Thread: MSVSC++ program works incorrectly when inline function optimization is turned on.

  1. #1
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    MSVSC++ program works incorrectly when inline function optimization is turned on.

    The program works fine in debug mode. It doesn't in release mode with optimizations enabled, more specifically "Inline Function Expansion" enabled. Disabling inline expansion (/0b0) which is on by default and keeping the rest of optimizations at their default value, makes the program behave correctly again.

    In my experience, these sort of problems arise when I resort to undefined behavior. So I'm posting a snippet of code that showcases the specific section of the code that is misbehaving plus the required extra information to give clarity to the pertinent section, in hopes someone can spot a glaring mistake of which I am unaware.

    Header file with t_item_data definition:
    Code:
    namespace CraftingUtils
    {
    #define UINTX_T UInt64
    
    struct                        t_item_data
    {
        union                    details
        {
            EnchantmentItem*    enchantment;
            float                temperval;
    
            explicit            details(float);
            explicit            details (EnchantmentItem*);
            //~details(void);
        };
        typedef                    std::vector<std::pair<details, unsigned> > t_stats;
        t_stats                    stats;
        unsigned                count;
        unsigned                created;
        bool                    processed;
    
        explicit                t_item_data(void);
        explicit                t_item_data(t_stats*);
        t_item_data(const t_item_data&) = delete;
        t_item_data &operator = (const t_item_data&) = delete;
        //~t_item_data(void);
    };
    ...
    ...
    ...
    Source file, problematic function plus helper functions:
    Code:
    static std::pair<t_item_data::details, unsigned> *find_stat(
        t_item_data::t_stats *list, const t_item_data::details *stat)
    {
        t_item_data::t_stats::iterator element = (*list).begin();
    
        for (unsigned i = (*list).size(); i; --i)
        {   if (*(UINTX_T*)&(*element).first == *(UINTX_T*)stat)
                return (&*element);
            ++element;
        }
        return (nullptr);
    }
    
    static bool get_item_enchantments(InventoryEntryData* invdata, t_item_data::t_stats *stats)
    {
        ExtendDataList::Iterator    list = (*(*invdata).extendDataList).Begin();
        BaseExtraList                *extra_data;
        bool                        retval = false;
    
        while ((extra_data = list.Get() ) )
        {   ExtraEnchantment* extra_ench =
                DYNAMIC_CAST((*extra_data).GetByType(kExtraData_Enchantment), BSExtraData, ExtraEnchantment);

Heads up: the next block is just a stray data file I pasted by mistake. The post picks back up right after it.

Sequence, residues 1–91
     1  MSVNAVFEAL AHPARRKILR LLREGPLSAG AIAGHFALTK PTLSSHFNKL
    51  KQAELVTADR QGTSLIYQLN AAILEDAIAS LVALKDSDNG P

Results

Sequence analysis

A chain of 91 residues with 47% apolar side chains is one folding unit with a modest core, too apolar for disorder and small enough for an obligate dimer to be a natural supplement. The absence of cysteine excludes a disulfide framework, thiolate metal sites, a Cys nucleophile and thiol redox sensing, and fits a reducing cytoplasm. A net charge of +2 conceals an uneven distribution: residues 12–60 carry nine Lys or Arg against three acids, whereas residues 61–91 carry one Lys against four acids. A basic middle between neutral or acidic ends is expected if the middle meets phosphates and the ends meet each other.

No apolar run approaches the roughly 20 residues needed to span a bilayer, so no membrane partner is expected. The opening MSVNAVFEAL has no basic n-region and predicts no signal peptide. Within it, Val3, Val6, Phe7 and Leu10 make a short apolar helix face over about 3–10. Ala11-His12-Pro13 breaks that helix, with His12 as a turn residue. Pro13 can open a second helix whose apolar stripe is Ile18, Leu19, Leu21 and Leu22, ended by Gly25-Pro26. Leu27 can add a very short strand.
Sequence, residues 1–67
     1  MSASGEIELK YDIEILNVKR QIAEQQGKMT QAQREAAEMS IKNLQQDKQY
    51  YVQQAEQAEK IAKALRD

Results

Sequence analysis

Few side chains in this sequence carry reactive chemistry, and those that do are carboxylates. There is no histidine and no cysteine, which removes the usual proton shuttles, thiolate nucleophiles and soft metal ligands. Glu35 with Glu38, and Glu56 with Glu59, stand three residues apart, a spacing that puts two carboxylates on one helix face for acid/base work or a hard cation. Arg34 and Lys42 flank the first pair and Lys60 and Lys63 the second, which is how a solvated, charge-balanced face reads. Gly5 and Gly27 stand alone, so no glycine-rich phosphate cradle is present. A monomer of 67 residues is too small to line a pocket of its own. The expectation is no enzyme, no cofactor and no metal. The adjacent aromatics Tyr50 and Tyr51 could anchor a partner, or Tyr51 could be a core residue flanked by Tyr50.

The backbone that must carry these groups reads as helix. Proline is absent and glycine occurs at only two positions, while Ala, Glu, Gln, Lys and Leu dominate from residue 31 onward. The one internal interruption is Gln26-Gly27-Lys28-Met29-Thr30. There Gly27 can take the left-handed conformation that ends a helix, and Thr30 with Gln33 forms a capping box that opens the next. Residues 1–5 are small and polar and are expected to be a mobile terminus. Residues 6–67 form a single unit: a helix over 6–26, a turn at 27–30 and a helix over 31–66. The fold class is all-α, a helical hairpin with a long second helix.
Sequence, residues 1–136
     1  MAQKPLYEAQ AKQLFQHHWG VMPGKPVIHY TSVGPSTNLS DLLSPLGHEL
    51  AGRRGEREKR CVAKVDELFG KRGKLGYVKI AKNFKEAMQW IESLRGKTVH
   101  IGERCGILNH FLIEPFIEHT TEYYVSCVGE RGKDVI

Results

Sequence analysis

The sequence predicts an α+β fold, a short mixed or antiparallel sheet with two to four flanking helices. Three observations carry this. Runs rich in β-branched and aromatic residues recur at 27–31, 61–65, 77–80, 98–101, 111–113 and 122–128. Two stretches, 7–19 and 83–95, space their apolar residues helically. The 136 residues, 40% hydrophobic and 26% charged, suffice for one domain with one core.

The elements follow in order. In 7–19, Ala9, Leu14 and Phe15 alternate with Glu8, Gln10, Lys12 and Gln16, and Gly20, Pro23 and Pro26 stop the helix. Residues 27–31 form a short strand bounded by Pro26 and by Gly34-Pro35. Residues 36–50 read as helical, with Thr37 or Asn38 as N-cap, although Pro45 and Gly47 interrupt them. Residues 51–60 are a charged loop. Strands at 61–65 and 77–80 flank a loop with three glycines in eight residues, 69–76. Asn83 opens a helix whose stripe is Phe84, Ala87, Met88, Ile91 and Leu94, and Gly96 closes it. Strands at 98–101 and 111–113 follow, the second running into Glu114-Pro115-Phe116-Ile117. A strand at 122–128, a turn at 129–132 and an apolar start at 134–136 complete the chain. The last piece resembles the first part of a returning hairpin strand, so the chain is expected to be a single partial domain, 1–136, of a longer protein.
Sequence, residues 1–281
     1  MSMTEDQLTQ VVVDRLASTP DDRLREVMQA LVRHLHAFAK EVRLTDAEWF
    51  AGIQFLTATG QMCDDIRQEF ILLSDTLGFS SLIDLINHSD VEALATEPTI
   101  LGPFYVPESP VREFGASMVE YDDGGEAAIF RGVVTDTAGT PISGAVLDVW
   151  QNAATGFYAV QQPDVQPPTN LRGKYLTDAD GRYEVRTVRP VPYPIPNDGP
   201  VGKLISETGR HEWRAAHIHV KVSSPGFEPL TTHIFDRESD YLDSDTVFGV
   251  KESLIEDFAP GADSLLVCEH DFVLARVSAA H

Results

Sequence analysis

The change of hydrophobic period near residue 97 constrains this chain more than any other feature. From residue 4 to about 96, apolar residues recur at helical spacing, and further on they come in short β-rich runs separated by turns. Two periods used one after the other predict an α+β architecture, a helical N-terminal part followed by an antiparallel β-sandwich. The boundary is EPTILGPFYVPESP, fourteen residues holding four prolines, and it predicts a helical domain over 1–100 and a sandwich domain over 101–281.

if (extra_ench)
            {   std::pair<t_item_data::details, unsigned>    *match;
                t_item_data::details                        enchantment((*extra_ench).enchant);
    
                if (!(match = find_stat(stats, &enchantment) ) )
                    (*stats).emplace_back(enchantment, 1);
                else ++(*match).second;
                retval = true;
            }
            ++list;
        }
        return (retval);
    }
    
    static bool get_item_temperstats(InventoryEntryData *invdata, t_item_data::t_stats *stats)
    {
        ExtendDataList::Iterator    list = (*(*invdata).extendDataList).Begin();
        BaseExtraList                *extra_data;
        bool                        retval = false;
    
        while ((extra_data = list.Get() ) )
        {   ExtraHealth *extra_health =
                DYNAMIC_CAST((*extra_data).GetByType(kExtraData_Health), BSExtraData, ExtraHealth);
    
            if (extra_health)
            {   std::pair<t_item_data::details, unsigned>    *match;
                t_item_data::details                        temperval((*extra_health).health);
    
                if (!(match = find_stat(stats, &temperval) ) )
                    (*stats).emplace_back(temperval, 1);
                else ++(*match).second;
                retval = true;
            }
            ++list;
        }
        return (retval);
    }
    
    //__declspec(noinline)
    static void detect_item_changes(void)
    {
        std::vector<std::pair<t_item_data::details, unsigned> >    statlist;
        std::vector<std::pair<t_item_data::details, unsigned> >    created;
        std::map<TESForm*, t_item_data>::iterator                items = records.begin();
        InventoryEntryData                                        *invdata;
        bool (*get_stats)(InventoryEntryData*, t_item_data::t_stats*) = nullptr;
    
        switch (service.type)
        {
        case t_service::temper:
            get_stats = &get_item_temperstats;
            break ;
        case t_service::enchant:
            get_stats = &get_item_enchantments;
            break ;
        }